Cost-effectiveness of biomarker- vs endoscopy-based treat-to-target monitoring in Crohn's disease (CD) is unknown.
A microsimulation model for CD was built to simulate biomarker (fecal calprotectin) vs endoscopy-based monitoring in a treat-to-target fashion. Published literature in combination with patient-level data from phase 3 clinical trials and population estimates for therapeutic drug monitoring were used to generate transition probabilities, costs, and utilities. Tracker variables were used to modify downstream probabilities and outcomes based on previous exposures, response patterns, and disease-related complications or surgery history. The primary outcome was cost-effectiveness over a 5-year horizon at a willingness-to-pay threshold of $100,000/quality-adjusted life-year. Probabilistic sensitivity analyses in addition to multiple 1-, 2-, and 3-way microsimulation sensitivity analyses were performed.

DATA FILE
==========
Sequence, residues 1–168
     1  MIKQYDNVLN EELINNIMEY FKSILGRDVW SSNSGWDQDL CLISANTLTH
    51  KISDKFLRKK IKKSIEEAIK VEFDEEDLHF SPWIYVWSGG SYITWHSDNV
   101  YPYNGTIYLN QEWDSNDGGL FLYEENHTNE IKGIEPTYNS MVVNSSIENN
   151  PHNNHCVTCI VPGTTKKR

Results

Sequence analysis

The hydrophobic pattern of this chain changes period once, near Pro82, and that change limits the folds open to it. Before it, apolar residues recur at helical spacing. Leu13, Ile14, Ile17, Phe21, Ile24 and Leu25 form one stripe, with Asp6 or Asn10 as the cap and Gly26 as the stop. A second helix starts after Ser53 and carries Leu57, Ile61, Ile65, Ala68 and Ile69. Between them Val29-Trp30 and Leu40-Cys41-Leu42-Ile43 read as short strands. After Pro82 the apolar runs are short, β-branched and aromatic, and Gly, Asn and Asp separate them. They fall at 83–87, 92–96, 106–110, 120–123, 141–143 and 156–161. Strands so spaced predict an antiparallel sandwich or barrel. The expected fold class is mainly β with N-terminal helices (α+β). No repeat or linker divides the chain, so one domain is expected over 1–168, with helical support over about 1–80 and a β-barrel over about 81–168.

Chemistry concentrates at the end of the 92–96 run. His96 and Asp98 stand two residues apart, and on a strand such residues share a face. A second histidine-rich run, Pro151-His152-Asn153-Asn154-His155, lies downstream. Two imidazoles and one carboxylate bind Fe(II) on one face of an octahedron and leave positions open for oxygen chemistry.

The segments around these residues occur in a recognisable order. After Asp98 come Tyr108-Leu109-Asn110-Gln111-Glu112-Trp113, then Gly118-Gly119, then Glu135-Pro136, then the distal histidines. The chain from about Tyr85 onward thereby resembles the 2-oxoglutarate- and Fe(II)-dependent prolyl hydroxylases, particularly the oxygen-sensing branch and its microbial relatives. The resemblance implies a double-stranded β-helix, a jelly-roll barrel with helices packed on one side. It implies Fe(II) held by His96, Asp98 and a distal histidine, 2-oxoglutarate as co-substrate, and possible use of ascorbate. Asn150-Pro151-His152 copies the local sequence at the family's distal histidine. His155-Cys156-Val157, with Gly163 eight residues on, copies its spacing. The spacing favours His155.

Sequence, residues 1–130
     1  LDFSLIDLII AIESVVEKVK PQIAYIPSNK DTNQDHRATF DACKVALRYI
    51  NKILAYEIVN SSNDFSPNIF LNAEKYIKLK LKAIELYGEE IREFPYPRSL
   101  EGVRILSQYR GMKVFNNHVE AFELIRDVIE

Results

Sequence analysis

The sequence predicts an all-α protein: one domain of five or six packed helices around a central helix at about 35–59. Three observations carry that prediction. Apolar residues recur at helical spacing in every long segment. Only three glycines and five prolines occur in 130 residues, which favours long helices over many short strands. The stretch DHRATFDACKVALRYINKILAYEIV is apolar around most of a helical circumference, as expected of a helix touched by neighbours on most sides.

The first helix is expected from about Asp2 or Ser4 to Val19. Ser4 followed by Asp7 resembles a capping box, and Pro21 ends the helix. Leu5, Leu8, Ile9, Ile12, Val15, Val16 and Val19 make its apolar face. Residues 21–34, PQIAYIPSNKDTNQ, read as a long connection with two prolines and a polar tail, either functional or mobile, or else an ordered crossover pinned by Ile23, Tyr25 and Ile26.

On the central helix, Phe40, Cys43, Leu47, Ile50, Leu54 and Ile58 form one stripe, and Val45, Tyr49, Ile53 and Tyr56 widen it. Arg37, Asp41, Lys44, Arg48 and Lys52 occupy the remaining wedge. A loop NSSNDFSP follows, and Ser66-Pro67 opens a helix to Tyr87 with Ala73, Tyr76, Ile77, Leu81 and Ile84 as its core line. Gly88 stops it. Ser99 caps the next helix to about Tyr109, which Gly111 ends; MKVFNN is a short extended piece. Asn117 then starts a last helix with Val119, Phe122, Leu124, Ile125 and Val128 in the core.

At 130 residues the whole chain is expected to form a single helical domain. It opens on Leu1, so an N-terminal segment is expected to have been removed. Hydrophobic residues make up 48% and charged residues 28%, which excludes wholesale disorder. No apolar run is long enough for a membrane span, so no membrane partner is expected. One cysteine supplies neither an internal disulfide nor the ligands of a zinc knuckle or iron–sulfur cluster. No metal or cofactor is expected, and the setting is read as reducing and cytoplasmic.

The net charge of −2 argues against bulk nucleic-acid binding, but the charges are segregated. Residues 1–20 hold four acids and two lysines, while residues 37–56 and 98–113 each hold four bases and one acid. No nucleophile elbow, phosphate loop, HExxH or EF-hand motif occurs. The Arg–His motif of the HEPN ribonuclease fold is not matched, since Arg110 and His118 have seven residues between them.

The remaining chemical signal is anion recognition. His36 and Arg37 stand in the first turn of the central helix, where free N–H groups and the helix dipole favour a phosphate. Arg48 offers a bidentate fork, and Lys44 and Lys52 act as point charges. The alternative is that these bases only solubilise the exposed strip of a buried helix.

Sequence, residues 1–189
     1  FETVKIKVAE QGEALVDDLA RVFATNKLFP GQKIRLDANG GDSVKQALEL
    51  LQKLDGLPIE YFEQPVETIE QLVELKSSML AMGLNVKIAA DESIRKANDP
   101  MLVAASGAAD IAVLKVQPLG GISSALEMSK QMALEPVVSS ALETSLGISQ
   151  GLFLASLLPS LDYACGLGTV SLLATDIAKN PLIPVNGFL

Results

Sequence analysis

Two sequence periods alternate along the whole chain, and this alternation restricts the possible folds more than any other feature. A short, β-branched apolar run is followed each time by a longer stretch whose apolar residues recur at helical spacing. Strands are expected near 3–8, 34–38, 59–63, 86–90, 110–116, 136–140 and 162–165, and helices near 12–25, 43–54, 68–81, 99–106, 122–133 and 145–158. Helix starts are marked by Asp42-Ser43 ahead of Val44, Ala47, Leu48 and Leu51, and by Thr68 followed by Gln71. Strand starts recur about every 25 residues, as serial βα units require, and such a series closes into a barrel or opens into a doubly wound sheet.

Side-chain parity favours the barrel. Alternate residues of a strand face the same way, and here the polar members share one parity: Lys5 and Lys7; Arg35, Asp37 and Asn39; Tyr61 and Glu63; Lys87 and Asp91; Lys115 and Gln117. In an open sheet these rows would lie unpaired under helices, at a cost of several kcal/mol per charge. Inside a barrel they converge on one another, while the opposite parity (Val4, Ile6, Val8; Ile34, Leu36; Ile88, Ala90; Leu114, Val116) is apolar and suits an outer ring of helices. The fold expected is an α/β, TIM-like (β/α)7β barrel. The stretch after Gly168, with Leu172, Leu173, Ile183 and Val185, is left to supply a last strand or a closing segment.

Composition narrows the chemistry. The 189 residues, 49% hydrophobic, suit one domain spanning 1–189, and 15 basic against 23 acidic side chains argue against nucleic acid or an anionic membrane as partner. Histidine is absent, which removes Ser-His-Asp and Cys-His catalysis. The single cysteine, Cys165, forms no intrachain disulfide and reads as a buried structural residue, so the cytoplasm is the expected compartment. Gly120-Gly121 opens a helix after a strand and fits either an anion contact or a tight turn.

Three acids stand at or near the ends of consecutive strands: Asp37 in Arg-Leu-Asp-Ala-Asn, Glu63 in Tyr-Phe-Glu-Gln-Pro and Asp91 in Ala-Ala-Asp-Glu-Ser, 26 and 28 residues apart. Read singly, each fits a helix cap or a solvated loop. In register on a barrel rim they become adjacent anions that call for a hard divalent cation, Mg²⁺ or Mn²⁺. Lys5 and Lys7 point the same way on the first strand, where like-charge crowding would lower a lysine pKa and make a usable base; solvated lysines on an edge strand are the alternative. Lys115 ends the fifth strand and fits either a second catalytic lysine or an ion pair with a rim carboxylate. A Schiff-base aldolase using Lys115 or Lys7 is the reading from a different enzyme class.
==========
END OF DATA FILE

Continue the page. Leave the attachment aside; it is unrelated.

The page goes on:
In the base-case model, the endoscopy-based monitoring strategy dominated the biomarker-based monitoring strategy over a 5-year horizon. Over shorter periods of observation, the biomarker-based monitoring strategy became progressively more cost-effective, with cost-effectiveness achieved for this strategy over a 1-year horizon. Therapeutic drug monitoring did not influence short-term cost-effectiveness of biomarker-based monitoring. Once in endoscopic remission, continued biomarker-based vs endoscopy-based monitoring was more cost-effective. A hybrid biomarker-endoscopy–based monitoring strategy dominated the endoscopy-based monitoring strategy over a 5-year horizon. The strongest determinants for cost-effectiveness were cost of colonoscopy and diagnostic performance of fecal calprotectin.
The most cost-effective approach for treat-to-target monitoring in CD is up-front biomarker-based monitoring followed by endoscopy-based monitoring if not in endoscopic remission by 1 year and then returning to biomarker-based monitoring once in endoscopic remission.